We can simplify the analysis by imagining the mine is a vault containing bars of gold, which are exchanged for US dollars to buy imports. Same conclusion: up goes the exchange rate at the expense of tradeable production; exporting and import-substituting production diminishes.


Or suppose the vault contained IOUs that could be converted into US dollars. It is another source of foreign exchange, so the analysis is much the same. The exchange rate would rise and the tradeable sector would suffer because borrowing is an easier way to get foreign exchange.


But when this vault runs out, the situation is worse. Not only has the sustainable tradeable sector been damaged, as in the Dutch disease case, but the borrowings have to be serviced (and perhaps repaid), so there is an even greater need for foreign exchange in the long run.


In summary capital inflows lift the exchange rate at the expense of the ability of the economy to earn and conserve foreign exchange by production and sales.


That is exactly what has happened to the New Zealand economy since 2002, when it embarked on a splurge of foreign borrowing. Not surprisingly, the tradeable sector stagnated while the non-tradeable sector expanded rapidly, fuelled by the borrowing.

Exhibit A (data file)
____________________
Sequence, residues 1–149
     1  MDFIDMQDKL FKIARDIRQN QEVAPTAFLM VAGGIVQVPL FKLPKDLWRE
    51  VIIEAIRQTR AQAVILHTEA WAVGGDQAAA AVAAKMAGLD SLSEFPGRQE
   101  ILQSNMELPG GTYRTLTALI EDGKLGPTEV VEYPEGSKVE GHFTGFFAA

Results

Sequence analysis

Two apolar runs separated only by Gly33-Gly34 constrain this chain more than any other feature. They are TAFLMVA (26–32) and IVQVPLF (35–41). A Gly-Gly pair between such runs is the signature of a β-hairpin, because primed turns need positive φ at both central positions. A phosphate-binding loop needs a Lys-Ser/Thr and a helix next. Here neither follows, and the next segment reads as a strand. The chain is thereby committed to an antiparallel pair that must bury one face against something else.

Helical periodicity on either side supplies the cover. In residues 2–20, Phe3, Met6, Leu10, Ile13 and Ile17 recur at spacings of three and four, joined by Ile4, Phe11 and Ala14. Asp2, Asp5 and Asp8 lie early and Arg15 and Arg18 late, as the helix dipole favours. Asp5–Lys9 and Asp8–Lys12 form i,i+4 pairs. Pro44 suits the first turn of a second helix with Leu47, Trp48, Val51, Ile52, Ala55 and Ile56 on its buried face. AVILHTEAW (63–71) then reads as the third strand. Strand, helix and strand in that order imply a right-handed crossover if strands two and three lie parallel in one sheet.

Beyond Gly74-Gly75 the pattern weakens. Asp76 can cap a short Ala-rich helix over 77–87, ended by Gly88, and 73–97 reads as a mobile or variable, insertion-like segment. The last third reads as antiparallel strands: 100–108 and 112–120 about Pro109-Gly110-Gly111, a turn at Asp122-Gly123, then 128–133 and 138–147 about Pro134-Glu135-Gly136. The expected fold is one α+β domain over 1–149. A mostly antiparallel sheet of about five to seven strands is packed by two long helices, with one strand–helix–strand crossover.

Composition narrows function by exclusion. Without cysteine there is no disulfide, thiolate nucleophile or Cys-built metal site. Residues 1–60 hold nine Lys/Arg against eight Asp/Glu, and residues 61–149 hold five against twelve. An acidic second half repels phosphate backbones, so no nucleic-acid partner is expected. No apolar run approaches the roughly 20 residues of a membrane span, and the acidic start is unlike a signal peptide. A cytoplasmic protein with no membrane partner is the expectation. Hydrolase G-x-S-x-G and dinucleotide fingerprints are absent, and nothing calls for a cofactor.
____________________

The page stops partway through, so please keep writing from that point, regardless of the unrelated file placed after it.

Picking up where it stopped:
It is absurd to expect a central bank to hold down the currency while the country continues to borrow heavily offshore. Admittedly, some short-term measures can influence the exchange rate, but in the medium term the bank cannot keep the dollar low when there is heavy offshore net borrowing.




2. A Graphical Representation


Figure 1 has non-tradeable production on the vertical axis and tradeable production on the horizontal axis. PP’ is a conventional production possibility frontier (shown as a quarter circle),


It is assumed that the community consumption preferences are lexicographic – that is, the proportion of consumed non-tradeables and tradeables is fixed. This assumption is entirely for presentational convenience; the standard analysis of indifference curves which allow substitution in consumption preferences could be included but it only adds to the complexity without adding to insights.


More subtly the horizontal tradeable axis is measuring two different tradeable commodities. For the production frontier it measures the exportable commodity, but for consumption it measures the importable commodity. The analysis assumes there is a fixed terms of trade between the two (that is this is a small economy). The implications of a change in the terms of trade are discussed in the third section.


The lexicographic community consumption preference is represented by a diagonal OC from the origin which cuts the Production Possibility Frontier at E. This is the point where the economy consumes exactly what it produces (after exchanging its exportables for importables).


At E the real exchange rate (the price of tradeables divided by the price of importables) is tangential to the Production Possibility Frontier. It is represented by the line R1R1′.